I believe the initial glamor of the blog has worn off but to those of you who are still reading this, thank you. Down the road I hope this becomes more relevant to the readers and not just a “me me me me me me” blog like it is now.
All roads lead to Arequipa, maybe, because I will start teaching in May at the same school I received my certification! And one of my coworkers back home said he may visit Peru in August, including Arequipa! AREQUIPA IS THE NEW NYC.
Anyway. The job is part time (6 hours/day) but it is comforting to know I will not be a traveling hobo and also will be going back to a place with people I know.
At the same time it feels like the biggest cop-out of the century. I left Arequipa with the intention of continuing to travel north and I did not intend to go back to Arequipa. I have not talked about my feelings on Arequipa much until now. I wanted to explore new cities, see which one would be a good fit, and settle there. I left Arequipa because after a month, I felt like it was not a place where I wanted to stay. But at the end of the day I accepted the job because hey, job security and the comfort of being somewhere you already know, right?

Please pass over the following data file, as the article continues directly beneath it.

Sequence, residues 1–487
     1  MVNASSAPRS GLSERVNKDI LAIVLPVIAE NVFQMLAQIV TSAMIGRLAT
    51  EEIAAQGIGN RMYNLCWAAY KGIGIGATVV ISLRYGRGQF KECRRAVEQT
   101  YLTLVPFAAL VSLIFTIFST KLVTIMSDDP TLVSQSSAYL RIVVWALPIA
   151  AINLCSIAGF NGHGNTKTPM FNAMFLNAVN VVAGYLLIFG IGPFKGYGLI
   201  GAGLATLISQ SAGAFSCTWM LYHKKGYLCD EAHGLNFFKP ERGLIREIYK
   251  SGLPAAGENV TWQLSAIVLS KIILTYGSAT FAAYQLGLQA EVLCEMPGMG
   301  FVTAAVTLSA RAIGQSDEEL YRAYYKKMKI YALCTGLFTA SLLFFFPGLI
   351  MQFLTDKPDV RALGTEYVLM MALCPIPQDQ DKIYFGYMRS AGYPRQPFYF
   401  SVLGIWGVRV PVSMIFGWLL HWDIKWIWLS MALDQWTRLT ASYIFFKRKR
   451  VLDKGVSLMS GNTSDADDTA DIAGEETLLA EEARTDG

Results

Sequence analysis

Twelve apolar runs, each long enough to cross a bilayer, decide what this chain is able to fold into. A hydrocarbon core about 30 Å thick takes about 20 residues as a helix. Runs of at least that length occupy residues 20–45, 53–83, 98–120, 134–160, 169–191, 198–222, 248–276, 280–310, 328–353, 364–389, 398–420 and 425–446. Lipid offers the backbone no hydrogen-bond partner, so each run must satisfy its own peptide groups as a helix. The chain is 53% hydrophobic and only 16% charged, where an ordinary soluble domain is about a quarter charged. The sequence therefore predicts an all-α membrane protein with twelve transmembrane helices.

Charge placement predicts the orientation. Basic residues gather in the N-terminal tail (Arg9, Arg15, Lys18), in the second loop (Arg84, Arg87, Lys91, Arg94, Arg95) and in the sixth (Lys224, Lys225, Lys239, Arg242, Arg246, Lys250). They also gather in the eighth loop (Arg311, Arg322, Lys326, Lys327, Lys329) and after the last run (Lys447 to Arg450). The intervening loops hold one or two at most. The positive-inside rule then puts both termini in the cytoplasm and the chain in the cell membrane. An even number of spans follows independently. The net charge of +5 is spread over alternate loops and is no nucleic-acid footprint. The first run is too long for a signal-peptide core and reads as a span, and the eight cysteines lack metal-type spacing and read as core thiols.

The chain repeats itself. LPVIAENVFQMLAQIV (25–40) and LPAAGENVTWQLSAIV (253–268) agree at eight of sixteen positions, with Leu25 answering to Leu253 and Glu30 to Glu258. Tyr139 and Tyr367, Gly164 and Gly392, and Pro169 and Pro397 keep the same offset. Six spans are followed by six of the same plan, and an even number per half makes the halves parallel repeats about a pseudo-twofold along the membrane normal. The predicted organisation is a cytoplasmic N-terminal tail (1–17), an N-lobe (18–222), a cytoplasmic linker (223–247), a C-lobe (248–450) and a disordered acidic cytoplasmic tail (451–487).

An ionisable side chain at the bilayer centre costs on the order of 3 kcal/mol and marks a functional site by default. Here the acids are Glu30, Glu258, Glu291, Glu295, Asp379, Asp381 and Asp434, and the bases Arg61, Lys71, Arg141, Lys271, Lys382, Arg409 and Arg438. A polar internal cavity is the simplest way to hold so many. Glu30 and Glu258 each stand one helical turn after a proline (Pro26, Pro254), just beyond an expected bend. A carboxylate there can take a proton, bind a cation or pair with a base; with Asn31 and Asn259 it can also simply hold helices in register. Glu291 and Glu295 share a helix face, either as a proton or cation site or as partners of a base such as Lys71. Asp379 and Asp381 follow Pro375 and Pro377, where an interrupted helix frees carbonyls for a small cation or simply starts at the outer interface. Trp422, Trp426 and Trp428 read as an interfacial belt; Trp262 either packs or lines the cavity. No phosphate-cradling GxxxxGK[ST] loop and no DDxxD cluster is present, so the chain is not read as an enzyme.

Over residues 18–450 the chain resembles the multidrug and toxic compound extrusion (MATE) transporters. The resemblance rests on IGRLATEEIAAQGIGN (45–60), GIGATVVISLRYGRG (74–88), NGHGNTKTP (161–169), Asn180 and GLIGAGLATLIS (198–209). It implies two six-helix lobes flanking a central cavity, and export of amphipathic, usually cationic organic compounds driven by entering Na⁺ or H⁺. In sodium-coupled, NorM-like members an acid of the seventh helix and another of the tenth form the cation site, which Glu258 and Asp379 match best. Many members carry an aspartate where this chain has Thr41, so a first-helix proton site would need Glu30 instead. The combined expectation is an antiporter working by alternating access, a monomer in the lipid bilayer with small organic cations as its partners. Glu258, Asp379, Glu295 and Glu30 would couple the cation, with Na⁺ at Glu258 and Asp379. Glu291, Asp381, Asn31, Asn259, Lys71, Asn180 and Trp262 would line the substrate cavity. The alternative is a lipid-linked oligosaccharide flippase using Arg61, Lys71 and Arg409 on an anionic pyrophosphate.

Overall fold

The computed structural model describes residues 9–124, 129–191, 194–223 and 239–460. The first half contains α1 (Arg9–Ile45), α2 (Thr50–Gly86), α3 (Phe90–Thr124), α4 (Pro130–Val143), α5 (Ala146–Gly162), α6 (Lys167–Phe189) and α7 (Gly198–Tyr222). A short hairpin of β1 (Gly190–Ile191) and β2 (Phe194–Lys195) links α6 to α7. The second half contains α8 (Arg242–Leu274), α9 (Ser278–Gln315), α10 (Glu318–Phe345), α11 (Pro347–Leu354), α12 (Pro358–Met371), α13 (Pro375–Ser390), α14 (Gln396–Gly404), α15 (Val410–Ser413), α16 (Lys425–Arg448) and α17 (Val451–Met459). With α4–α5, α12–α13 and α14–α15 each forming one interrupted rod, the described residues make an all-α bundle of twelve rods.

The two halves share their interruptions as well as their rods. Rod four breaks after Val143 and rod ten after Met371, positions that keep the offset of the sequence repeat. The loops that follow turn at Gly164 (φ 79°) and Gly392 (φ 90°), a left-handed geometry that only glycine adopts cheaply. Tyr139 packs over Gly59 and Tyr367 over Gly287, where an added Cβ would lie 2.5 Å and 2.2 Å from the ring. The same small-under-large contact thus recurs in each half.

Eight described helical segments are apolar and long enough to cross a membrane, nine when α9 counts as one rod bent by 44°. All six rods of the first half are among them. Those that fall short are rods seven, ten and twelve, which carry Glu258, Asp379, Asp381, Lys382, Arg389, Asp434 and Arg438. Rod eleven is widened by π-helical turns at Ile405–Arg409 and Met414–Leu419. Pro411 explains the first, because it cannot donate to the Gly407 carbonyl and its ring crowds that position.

I’m a bit disappointed in myself that I took the easy way out when the whole purpose of this trip has been to face new challenges and fears. The consolation is that the minimum contract is for 6 months but many teachers flake out early without repercussion. I don’t know if I will do that but at least I will have the option of not renewing the contract and maybe try on to a new city.
But you know how things like that go – once you start living somewhere, you just kind of keep the status quo….
Anyhow. I am very excited to finally start teaching.
It’s funny, Arequipa feels like my “de facto home” because it was the first place I went to in Peru.
Here are 5 Best and Not Best things about Arequipa based on my first month there. I feel a little “deserving” to say this now that I have Cusco as comparison.
5 Best Things